Facing this reality is not easy, especially for most white Americans. In Where do We Go from Here: Chaos or Community? Dr. King wrote of the refusal of white people to “re-educate themselves out of their racial ignorance.” He explained, “It is an aspect of their sense of superiority that the white people of America believe they have so little to learn.”
“These are the deepest causes for contemporary abrasions between the races,” he wrote.
Loose and easy language about equality, resonant resolutions about brotherhood fall pleasantly on the ear, but for the Negro there is a credibility gap he cannot overlook. He remembers that with each modest advance the white population promptly raises the argument that the Negro has come far enough. Each step forward accents an ever-present tendency to backlash.”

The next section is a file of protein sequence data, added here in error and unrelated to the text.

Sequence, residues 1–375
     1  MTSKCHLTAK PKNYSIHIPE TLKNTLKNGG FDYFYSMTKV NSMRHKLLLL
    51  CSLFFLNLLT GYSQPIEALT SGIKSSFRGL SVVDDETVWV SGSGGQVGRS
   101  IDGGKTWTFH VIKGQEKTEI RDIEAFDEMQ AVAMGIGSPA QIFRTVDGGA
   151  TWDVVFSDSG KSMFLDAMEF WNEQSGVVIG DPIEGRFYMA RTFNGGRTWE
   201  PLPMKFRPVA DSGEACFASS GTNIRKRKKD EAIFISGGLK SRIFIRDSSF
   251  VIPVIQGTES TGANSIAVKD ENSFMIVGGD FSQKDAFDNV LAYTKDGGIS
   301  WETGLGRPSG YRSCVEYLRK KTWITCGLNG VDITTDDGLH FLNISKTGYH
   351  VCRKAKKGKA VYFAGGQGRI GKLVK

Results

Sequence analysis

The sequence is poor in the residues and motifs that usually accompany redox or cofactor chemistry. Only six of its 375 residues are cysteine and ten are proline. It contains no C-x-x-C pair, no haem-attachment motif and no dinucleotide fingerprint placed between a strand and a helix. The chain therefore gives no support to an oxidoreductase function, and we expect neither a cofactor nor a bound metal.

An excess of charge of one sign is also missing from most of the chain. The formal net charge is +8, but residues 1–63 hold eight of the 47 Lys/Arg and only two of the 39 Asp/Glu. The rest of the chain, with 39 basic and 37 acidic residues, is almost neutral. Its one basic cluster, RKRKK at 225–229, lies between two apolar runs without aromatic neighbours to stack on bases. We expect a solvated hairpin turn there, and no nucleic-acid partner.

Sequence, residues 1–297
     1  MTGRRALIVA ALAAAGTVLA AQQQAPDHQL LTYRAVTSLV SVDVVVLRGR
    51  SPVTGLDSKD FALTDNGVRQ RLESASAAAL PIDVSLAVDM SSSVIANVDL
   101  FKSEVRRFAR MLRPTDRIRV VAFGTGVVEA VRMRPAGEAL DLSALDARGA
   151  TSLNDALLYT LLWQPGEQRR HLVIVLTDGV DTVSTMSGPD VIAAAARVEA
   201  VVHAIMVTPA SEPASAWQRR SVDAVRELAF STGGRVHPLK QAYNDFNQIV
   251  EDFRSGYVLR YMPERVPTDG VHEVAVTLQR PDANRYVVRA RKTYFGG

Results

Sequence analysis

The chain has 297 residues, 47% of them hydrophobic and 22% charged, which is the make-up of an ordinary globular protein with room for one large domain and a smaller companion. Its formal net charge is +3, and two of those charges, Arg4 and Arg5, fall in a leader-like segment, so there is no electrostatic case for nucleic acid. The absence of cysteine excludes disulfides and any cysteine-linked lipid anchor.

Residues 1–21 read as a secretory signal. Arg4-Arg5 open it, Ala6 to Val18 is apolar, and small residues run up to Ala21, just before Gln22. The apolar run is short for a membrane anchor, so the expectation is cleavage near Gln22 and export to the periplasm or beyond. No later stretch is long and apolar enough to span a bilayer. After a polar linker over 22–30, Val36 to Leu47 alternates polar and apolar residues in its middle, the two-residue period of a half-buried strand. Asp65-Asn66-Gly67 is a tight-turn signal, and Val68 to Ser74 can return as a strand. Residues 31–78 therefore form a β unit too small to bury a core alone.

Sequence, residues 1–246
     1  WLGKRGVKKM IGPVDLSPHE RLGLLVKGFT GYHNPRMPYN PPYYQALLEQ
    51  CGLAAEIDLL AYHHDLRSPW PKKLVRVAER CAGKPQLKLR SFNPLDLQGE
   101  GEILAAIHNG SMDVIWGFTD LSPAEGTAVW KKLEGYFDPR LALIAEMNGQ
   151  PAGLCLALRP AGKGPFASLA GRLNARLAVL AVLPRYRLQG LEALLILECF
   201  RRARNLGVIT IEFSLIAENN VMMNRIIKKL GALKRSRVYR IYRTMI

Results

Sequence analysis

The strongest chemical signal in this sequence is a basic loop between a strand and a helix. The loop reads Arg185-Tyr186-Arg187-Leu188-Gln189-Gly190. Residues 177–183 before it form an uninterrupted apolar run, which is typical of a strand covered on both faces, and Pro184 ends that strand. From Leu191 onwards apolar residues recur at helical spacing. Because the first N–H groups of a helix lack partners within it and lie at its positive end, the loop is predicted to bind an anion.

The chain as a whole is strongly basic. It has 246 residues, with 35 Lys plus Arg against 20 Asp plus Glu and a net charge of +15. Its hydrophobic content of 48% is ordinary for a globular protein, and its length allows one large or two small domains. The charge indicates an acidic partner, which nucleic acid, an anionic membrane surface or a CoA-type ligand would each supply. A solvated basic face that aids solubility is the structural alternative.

Understanding that the present and future are distorted by mis-remembering of history, is why the work of the Black Legacy Coalition is so important. The Coalition is calling on all Detroiters to oppose the decision by the current board of the Charles H. Wright Museum of African American History to host the exhibit Slavery at Jefferson’s Monticello: Paradox of Liberty. The coalition is calling on the Museum board to cancel the exhibit and to expand the board membership so that future decisions reflect a greater understanding of the complexities of history.
The Board defends its decision as an opportunity for “constructive conversation” and “seeks to emphasize the perspective of the slaves who endured Monticello rather than that of Jefferson.” One need only look at the title to see this is a lie. Jefferson controlled the lives and deaths of more than 600 human beings on his plantation. There is no paradox nor liberty there.
The Power of Community Beings with the Power to Create Community
Myrtyle Thompson-Curtis Monique Thompson & Rich Feldman
“People may be moving in but we are not movin out”.